Global Laboratories

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Mobile Health and Diagnostics

Dr. Mehta is the co-inventor of the Cornell Nutriphone, a smartphone platform for real-time quantitative determination of biomarkers of nutritional status, along with David Erickson. The group now has a working prototype for measuring vitamins D and B12 status from a single drop of blood and have published a couple of papers with support from the National Science Foundation and the Atkinson Center for a Sustainable Future. Current plans are to expand the platform to detect iron deficiency, vitamin A status, and inflammatory biomarkers with additional support from the Micronutrient Initiative and the Thrasher Research Fund. 

We have also used this technology to detect acute febrile illnesses such as Dengue virus infection and are planning to build upon this technology to detect other diseases. The National Institutes of Health recently awarded us an R01 grant for expansion of our technology to six different infections, the FeverPhone. We also have two major projects in the mHealth space - ConnEDCt, a database solution for collecting data on tablets and smartphones in resource-limited settings with inconsistent internet; and a SMS-based adherence improvement project for patients with tuberculosis at our field site in India. 

More details on our technology related projects can be found at


Biofortification is the process of increasing the micronutrient levels in crops through breeding. Recent advancements in this technology can improve the content of several nutrients, particularly vitamin A, iron, and zinc by several-fold, compared to conventional crops. We are examining the efficacy of biofortification as a sustainable agriculture-based nutritional intervention to improve health status in two large randomized trials in the urban slums of Mumbai with support from HarvestPlus/International Food Policy Research Institute. 

The first trial focuses on children 12-18 months of age and a high iron- and zinc-variety of pearl millet. This feeding trial will continue for 9 months and examine the impact of biofortified pearl millet-based complementary food on iron and zinc status, growth, and immune and cognitive function. The second one expands the crop portfolio to include orange-fleshed sweet potatoes, wheat, and lentils, in addition to pearl millet to deliver 50-70% of the estimated average requirements for vitamin A, iron, and zinc to breastfeeding mothers and their 6-12 months old infants.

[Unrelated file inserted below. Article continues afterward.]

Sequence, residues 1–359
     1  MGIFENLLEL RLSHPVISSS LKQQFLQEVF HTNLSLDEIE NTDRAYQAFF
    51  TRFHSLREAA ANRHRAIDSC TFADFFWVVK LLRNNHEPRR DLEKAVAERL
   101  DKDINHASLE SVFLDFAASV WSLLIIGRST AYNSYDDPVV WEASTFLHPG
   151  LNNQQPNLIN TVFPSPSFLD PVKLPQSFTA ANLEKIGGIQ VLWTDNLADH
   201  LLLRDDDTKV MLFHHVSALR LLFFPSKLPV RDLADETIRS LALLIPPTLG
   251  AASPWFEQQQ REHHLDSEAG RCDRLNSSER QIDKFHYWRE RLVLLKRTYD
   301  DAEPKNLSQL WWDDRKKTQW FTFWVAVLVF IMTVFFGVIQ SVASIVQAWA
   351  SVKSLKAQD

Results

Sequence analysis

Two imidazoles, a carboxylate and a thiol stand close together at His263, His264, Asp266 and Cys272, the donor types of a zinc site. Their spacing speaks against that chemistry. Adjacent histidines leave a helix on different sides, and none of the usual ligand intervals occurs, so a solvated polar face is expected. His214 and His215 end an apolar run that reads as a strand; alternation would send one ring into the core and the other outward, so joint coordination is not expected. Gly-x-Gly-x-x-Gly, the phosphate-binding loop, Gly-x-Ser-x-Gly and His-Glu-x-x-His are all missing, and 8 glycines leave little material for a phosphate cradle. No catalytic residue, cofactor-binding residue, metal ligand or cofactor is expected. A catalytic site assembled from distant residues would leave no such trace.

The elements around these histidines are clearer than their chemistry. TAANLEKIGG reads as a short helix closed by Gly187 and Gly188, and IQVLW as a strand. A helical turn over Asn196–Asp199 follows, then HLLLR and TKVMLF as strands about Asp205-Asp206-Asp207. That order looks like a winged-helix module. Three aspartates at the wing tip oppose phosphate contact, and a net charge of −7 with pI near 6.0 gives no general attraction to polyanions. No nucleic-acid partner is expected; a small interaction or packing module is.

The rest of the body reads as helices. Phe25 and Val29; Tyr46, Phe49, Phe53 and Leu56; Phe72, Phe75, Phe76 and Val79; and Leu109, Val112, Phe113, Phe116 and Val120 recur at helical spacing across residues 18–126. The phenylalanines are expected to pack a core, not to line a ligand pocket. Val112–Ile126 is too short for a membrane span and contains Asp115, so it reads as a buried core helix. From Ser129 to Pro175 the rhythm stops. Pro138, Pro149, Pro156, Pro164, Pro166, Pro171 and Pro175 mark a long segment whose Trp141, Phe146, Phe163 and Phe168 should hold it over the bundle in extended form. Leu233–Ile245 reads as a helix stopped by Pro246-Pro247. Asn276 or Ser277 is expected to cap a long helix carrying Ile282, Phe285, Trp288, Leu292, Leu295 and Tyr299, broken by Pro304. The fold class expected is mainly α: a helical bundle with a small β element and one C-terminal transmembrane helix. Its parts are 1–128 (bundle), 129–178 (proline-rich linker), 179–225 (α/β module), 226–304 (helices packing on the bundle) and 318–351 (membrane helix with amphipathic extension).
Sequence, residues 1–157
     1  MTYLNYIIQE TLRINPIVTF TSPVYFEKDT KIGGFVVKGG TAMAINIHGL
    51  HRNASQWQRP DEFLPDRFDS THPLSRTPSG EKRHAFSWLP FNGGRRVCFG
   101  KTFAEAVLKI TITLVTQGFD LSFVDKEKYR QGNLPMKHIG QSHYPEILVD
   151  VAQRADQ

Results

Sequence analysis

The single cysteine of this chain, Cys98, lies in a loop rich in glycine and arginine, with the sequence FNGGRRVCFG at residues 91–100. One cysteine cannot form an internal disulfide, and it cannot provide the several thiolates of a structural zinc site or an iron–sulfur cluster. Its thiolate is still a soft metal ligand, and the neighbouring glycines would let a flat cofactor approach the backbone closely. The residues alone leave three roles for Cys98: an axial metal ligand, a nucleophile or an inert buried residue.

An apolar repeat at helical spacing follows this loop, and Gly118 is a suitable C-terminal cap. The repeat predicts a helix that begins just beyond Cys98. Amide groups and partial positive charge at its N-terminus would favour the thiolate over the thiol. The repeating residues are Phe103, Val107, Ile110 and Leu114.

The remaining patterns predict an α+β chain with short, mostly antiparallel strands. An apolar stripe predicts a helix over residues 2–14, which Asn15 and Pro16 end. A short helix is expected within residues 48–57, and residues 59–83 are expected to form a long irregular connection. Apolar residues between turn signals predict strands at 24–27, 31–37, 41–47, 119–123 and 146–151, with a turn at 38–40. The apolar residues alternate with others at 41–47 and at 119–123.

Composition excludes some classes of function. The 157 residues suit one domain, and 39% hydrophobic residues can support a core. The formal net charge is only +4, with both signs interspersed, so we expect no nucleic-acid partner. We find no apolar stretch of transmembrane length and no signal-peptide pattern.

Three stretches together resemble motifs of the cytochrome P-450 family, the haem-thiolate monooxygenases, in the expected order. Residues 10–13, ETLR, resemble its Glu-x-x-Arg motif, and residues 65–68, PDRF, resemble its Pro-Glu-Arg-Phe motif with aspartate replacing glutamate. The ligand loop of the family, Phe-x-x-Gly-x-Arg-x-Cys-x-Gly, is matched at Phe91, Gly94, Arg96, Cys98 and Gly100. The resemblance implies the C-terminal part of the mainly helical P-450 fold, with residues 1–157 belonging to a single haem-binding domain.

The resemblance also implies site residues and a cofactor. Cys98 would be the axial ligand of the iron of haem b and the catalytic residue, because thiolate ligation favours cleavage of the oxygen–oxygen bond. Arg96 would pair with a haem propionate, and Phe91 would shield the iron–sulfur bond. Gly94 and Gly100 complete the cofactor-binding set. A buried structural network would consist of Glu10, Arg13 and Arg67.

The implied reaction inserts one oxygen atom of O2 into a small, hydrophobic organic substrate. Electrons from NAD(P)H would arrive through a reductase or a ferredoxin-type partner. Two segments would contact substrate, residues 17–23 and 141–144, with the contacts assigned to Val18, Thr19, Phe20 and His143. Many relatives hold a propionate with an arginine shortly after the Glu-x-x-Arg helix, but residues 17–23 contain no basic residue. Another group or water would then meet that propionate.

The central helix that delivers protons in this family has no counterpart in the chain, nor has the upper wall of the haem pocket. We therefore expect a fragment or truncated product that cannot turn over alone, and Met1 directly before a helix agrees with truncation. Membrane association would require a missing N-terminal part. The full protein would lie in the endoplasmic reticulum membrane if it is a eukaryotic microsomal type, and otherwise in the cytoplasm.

More details on both these projects is at - and 

Infectious Diseases

Dr. Mehta's earlier  research has highlighted the potential role of vitamin D as a modifiable risk factor for slowing disease progression and disease severity both in the context of HIV and Tuberculosis. Building upon this work, Dr. Mehta is currently the principal investigator on a trial of vitamin D supplementation in patients with tuberculosis and those with HIV co-infection. The major outcomes of interest, in addition to treatment response, include immune competence and effect on vitamin D status. In another study, the group is collaborating with the National Institute of Nutrition in Hyderabad, India to examine the association of vitamin D with immune activation in hospitalized children. In Kenya, the research group is focusing on shedding more light on the relationship of vitamin D status with vaccine responses among infants. 

In recent work, we have also highlighted how the dual epidemic of diabetes and TB is posing a major challenge for high-burden settings such as India. Even at our field site, patients with TB who also have diabetes have a three-fold higher risk of having drug resistance to the first line TB treatment. Further, current recommendations for screening for diabetes or prediabetes will miss nearly 90% of those at risk. The research group is also helping setup active surveillance systems for infectious diseases such as Dengue and Tuberculosis in Ecuador and India to facilitate early detection and triage/referral of various illnesses, interrupt transmission cycles, and characterize the background population for future intervention, efficacy, and effectiveness studies. 

More details on the vitamin D supplementation trial is at